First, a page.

And I realized it’s because we felt validated when someone shared their experience, someone else in the room related to that experience, acknowledged that experience, and said, hey, you got this. We felt empathy and people empathized with us. We all felt like, I know what you’re going through. I’ve been there. Keep going.
It gets better. It won’t always be like this, but there wasn’t a glossing over of someone’s experience or their feelings. Like we often get told in the world at large, we don’t have time to be sad. We don’t have time to be frustrated. You don’t get to be upset about something that didn’t go your way, because we’re often in these places of survival mode.
But in this room full of women of color entrepreneurs, we got to just be us and to lay it on the table, whatever it was that needed to come out at the moment. We were witnessed for whatever we had been through, for whatever struggle we were having, and for the joys that we were experiencing and the success that we were chasing. We were witnessed in that quest and that experience. And just as being a woman of color, entrepreneur. We didn’t have to put on heirs.
We didn’t have to pretend to be somebody or something that we weren’t. We got to be exactly who we were, and that resonated with the folks around us. We were encouraged and also, as a result, motivated internally to keep going, to keep breaking those barriers, to do it for ourselves, to do it for the people in that room, and to do it for the people who were coming behind us and want to walk in our footsteps. Now, I’m not hosting a business brunch, at least not yet, but I am hosting a trip to ghana for members of the african diaspora. That means that if you are black or identify as black, you are welcome to join us on this trip.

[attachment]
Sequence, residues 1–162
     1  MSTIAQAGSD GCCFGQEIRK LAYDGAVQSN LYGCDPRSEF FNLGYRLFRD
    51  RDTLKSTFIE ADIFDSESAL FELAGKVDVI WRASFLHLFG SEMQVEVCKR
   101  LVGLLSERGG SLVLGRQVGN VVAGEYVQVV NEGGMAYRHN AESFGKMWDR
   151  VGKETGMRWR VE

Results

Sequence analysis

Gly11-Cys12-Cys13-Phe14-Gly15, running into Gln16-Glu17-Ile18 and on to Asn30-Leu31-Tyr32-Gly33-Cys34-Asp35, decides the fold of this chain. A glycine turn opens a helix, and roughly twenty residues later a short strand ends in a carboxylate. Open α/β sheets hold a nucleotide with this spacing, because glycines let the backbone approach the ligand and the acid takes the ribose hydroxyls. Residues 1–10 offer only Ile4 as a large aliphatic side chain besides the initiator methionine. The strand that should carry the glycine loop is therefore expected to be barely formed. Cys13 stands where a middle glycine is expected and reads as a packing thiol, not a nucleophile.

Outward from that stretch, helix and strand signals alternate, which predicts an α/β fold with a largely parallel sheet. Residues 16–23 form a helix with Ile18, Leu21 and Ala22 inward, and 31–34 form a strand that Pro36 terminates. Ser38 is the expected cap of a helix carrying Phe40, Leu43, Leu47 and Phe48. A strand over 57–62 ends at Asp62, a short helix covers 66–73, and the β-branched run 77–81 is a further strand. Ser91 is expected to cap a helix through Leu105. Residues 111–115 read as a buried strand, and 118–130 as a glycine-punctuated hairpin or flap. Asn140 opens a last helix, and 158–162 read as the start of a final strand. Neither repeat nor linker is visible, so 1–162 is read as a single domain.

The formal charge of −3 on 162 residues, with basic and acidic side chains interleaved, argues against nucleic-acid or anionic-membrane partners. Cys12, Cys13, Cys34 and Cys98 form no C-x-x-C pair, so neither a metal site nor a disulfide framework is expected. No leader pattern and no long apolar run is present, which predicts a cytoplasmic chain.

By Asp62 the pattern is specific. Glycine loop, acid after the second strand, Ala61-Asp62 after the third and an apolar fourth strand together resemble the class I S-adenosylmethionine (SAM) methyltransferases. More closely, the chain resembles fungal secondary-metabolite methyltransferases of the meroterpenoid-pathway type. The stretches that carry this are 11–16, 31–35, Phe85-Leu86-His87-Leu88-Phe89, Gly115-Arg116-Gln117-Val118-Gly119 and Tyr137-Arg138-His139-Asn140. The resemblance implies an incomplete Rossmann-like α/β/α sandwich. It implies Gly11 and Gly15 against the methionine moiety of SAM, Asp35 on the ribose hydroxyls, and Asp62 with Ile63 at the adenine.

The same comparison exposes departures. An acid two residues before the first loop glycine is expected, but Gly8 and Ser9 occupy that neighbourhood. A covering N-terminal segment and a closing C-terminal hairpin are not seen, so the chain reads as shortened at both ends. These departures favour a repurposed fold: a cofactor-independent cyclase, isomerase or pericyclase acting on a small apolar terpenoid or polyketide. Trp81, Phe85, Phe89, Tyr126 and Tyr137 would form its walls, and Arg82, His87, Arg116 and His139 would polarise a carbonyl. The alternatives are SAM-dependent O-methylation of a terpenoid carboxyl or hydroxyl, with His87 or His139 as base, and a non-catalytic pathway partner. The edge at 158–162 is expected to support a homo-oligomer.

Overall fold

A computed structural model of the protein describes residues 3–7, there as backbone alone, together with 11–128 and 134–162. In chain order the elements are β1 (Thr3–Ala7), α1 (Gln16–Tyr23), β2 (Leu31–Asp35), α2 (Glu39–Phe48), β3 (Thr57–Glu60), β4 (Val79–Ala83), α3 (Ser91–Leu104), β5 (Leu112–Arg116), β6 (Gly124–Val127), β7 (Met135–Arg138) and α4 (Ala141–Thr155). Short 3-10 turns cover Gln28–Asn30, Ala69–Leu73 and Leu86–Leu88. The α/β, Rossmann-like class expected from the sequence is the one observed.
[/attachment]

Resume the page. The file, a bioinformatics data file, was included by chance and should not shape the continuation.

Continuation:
Now, when I first touched down on the continent of africa, the first country I visited was kenya. Then I went to zanzibar, and then I went to ghana. I’ve been to three places, and I have so many more to go. But there’s something about touching down in a place that is a black republic. I felt the very first time I felt this was when I actually visited haiti in 2007.
To just get off of the airplane and to see people that you know that you have come from some point in the past. It’s a validating experience to no longer be the only black person in the room. To no longer be the only black business owner at the table. To no longer be the only however you identify in whatever situation that you’re in, because I know that you have experienced that as well. Meeting with people, talking with people, listening to stories, sharing my own story.
I quickly realized that even though I have traveled, even though I consider myself an intelligent person, that I have also been colonized and indoctrinated with tenets of white supremacy that we’re trying to constantly extricate from our ways of thinking. But I still had some of that. And a lot of that comes because I’m often the only attorney in the room. I’m often the only black business coach that I see. I’m often the only professor that’s in the group.
There are so many places where it’s just me by myself that the standard that I have to look to is a white male standard. And that works if you’re a white male. It doesn’t work so well if you’re a black woman or woman of color. Right? And so when I went to ghana in particular, and to the other black republics that I have been to at large, I realized that I already had everything that I needed within me, that I didn’t need to be striving for what we think an attorney looks like, that I could be the attorney that I am.